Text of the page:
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German newspaper: MPs’ allowances abused

29 March 2004

HAMBURG – In the latest revelations about corruption practices in Europe’s bureaucracy, the German tabloid paper Bild reported Monday about how members of the European Parliament were abusing their daily allowances even while not attending sessions.

The report is based on an eyewitness to the practices, himself a European parliament MP, Austrian Social Democrat Hans-Peter Martin.

Bild said that Martin, who first entered the Strasbourg-based parliament in 1999, started making records on 1 February 2001 about the activities of his fellow-MPs in cashing in on their per-diem allowances for meetings.

European parliament MPs get an allowance of EUR 262 euros for the days when they attend sessions. But according to Martin many take advantage of a loophole in which they can claim their allowance while not actually taking part.

A central register book which deputies sign to claim their attendance is kept open from 7 a.m. until 10 p.m., even though as a rule business is conducted between 9 a.m. and 6:30 p.m.

This permits many MPs to show up very early, sign the book to claim their EUR 262 and then leave again while not attending a session. Or, Martin told Bild, they will arrive on a late-evening flight in order to sign on before the 10 p.m. closing.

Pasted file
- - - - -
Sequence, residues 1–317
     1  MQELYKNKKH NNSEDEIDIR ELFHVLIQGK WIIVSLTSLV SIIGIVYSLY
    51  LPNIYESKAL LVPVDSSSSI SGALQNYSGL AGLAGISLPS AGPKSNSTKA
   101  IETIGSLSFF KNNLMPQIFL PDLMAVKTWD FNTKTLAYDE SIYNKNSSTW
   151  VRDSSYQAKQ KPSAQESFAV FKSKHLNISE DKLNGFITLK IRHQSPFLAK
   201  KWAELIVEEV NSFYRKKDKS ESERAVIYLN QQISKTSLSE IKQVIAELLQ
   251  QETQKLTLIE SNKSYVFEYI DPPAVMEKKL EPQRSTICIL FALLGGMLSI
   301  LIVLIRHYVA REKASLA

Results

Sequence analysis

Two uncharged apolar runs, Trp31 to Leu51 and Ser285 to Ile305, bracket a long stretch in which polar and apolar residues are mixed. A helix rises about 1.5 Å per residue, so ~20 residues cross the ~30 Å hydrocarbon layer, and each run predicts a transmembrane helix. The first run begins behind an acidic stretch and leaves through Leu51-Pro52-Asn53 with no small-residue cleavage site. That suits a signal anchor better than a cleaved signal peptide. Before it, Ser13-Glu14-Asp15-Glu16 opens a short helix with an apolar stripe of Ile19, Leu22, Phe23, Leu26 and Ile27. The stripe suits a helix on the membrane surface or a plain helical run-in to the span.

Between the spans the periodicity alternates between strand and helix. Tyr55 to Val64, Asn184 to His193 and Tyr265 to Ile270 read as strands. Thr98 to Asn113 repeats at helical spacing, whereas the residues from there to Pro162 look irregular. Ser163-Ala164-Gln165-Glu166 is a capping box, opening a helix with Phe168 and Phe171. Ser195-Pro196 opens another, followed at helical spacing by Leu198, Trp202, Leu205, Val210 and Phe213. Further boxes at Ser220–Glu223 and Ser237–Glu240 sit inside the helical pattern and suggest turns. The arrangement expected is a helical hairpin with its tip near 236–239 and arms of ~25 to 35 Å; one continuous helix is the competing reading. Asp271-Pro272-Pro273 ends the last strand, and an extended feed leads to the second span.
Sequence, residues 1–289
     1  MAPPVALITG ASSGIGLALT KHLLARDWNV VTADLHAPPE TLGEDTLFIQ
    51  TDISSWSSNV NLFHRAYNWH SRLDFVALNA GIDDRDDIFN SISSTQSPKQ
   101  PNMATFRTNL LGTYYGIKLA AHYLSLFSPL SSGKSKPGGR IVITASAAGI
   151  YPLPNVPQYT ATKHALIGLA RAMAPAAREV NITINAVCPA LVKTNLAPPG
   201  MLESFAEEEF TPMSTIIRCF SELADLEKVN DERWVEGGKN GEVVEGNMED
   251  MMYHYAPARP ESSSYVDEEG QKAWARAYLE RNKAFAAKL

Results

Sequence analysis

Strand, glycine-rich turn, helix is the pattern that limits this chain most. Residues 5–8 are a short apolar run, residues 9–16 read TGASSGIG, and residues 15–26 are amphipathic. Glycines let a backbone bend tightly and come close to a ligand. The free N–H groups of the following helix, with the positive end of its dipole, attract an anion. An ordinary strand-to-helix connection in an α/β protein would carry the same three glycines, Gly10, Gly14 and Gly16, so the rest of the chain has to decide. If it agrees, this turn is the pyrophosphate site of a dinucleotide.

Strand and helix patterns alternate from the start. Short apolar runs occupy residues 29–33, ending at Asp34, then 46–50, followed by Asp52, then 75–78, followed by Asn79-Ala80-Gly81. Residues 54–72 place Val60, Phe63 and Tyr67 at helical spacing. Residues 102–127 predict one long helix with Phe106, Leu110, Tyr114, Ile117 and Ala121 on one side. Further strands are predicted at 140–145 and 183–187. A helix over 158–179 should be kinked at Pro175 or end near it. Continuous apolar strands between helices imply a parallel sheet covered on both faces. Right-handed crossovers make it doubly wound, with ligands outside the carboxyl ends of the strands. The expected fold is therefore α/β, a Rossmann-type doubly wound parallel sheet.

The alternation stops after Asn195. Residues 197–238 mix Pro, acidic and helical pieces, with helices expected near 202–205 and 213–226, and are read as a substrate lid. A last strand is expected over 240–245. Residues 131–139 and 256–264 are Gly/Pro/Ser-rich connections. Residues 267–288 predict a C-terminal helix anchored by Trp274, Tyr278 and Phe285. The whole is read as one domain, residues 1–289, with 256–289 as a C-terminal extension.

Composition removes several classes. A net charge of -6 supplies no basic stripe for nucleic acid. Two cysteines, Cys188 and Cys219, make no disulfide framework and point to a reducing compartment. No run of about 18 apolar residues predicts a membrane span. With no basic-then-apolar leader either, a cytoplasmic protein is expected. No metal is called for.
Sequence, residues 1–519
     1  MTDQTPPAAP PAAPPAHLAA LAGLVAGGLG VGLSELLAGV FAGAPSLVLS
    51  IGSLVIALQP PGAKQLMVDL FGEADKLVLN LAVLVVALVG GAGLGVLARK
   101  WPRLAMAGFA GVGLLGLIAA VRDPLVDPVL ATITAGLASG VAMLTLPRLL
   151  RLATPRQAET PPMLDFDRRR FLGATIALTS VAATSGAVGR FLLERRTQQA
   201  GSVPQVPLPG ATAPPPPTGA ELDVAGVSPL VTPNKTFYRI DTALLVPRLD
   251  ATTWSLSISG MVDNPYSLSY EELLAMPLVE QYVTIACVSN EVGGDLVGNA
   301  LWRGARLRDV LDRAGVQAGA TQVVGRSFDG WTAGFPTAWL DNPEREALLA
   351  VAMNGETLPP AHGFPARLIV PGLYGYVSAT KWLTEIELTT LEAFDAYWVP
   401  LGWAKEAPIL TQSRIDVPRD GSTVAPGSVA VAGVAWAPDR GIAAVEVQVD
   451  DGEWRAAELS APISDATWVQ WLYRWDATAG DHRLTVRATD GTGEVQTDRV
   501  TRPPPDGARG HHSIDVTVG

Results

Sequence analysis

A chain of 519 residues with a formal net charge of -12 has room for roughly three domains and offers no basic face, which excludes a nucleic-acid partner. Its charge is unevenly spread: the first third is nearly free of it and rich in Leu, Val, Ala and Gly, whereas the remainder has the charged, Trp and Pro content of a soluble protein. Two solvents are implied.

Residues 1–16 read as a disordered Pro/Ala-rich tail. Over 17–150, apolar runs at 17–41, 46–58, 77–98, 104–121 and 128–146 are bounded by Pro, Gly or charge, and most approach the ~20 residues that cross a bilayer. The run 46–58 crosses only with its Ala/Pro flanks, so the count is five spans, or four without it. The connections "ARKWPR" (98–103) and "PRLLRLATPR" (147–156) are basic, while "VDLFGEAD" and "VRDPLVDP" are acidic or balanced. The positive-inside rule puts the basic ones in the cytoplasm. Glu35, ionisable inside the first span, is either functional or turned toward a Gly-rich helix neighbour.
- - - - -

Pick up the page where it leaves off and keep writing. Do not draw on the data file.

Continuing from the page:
“The daily allowance is meant for meetings and genuine work and not simply as a signing bonus for a few minutes of being present,” Martin said, telling Bild that he had recorded the names of nearly 200 MPs involved in the practice.

Another favourite trick is claiming three daily allowances while attending only one session – arriving late on the first night to log on to the registry book, attending a session on the next day, and then departing early on the third day after signing the book.

This amounts to EUR 786 in addition to expenses paid to cover travel costs.

Martin said another trick is taking an allowance for Fridays. The parliament in Strasbourg ends its weekly work on Thursday, yet many deputies will stay overnight in order to sign the attendance list on Friday and claim an extra day.

“Many stay overnight in cheap guest houses or hotels right across the border in Germany. Then in the morning they arrive in chauffeured limousines to sign the list and then quickly leave again,” he told Bild.

Subject: German news